- Frequent Urination
- Incessant Thirst
- Rapid Weight Gain
As mentioned in the preface of this article, gestational diabetes, though oftentimes short-lived, isn’t something you should take lightly. In the worst of cases, this type of diabetes can cause several health conditions outside of diabetes that can impact both yourself and your baby.
In any case, always listen to your body, don’t ignore the symptoms no matter how mild, and never hesitate to seek medical attention.
Preventing Diabetes Before, During, and After Pregnancy
When discussing the prevention of gestational diabetes during pregnancy, there are no promises. Pregnancy is an extremely vulnerable situation to be in. With the extreme hormonal fluctuations and stress-induced pressures of pregnancy, there’s no telling whether or not diabetes will develop.
Nonetheless, by adopting a healthy lifestyle before pregnancy, taking the necessary steps during pregnancy, and continuing to live a healthy lifestyle after pregnancy, you give yourself the best chance at preventing gestational diabetes.
Below are some more specific steps to take to prevent such a diabetic situation from occurring:
- Implement a healthy diet rich in fiber and other nutrients
- Remain physically active, both before and after pregnancy
- Stay at a healthy weight and avoid becoming overweight or obese
- Cut out any poor habits (i.e. smoking, drinking)
If you’re planning on becoming pregnant, take these precautions to heart before committing. At the end of the day, not only is your health at risk, but your future baby’s health is at risk.
Treating Gestational Diabetes
If in the most unfortunate of circumstances you develop Gestational diabetes during pregnancy, the following is the likelihood of treatment prescribed by your doctor.
Because this type of diabetes is situational, the condition is extremely manageable. As such, the doctor is likely to recommend consistent testing of your blood sugar and extreme vigilance of your diet.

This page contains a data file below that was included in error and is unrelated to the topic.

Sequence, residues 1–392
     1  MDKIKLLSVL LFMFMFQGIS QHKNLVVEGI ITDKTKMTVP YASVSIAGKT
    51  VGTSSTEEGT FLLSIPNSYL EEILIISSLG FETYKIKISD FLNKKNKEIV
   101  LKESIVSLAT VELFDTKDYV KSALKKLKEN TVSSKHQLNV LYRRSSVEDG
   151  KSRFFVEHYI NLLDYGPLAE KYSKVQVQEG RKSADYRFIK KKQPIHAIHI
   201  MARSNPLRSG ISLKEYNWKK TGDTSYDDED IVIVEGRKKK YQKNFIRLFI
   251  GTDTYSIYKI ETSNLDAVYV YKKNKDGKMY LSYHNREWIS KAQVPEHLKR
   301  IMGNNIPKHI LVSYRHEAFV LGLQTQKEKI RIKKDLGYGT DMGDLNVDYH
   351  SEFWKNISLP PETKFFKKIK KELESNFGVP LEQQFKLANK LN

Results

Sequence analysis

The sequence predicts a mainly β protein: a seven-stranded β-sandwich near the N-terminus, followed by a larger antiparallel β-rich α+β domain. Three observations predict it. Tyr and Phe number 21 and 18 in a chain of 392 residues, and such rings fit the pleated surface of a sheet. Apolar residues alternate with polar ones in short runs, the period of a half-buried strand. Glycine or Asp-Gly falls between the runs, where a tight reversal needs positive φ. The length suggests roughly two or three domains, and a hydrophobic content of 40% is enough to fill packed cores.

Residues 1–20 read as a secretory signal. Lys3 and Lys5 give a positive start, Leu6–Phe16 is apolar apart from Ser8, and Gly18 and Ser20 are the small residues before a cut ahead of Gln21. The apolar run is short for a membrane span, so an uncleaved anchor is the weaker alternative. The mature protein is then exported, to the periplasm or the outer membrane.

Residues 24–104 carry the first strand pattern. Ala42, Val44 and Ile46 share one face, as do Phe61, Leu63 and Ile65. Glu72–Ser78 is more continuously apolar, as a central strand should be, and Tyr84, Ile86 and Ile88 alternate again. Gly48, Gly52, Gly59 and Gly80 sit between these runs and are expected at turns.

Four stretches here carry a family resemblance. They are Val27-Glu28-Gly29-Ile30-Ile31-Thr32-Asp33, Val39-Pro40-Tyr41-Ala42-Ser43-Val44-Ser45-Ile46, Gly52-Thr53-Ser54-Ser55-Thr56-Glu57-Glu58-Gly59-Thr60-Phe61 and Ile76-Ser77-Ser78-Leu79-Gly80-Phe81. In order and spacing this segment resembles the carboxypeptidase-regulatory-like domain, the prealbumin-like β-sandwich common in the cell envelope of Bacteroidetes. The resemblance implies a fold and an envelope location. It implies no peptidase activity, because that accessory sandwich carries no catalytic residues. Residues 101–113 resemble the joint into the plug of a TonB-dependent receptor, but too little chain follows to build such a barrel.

If this doesn’t work, insulin injections are the next logical prescription. In this case, insulin injections would be taken on a recommendation basis until you give birth. After a successful birth, a monitoring schedule of your blood sugar will be implemented and actions will be taken as necessary.
After giving birth, diabetes during pregnancy, or gestational diabetes, typically relieves itself of its duties. In other words, it tends to disappear post-birth. With that said, be sure to remain vigilant and get your blood sugars tested regularly.
While many don’t take gestational diabetes seriously because of its history of being temporary, gestational diabetes can present numerous complications during pregnancy and result in other complications later in life, both for the mother and the baby.
As a final recommendation, if you are or plan to become pregnant, or you’re simply an at-risk individual for type-2 diabetes, do everything you can to prevent it. Become physically active, eat healthily, quit bad habits, and seek medical attention if any symptoms arise.
Make your plan work for you
Your diabetes management plan can only be effective if you make the plan work for you. Our Diabetes Self-Management Education Program (DSMES) can help you design a plan that fits your lifestyle. To book your free consultation, click here.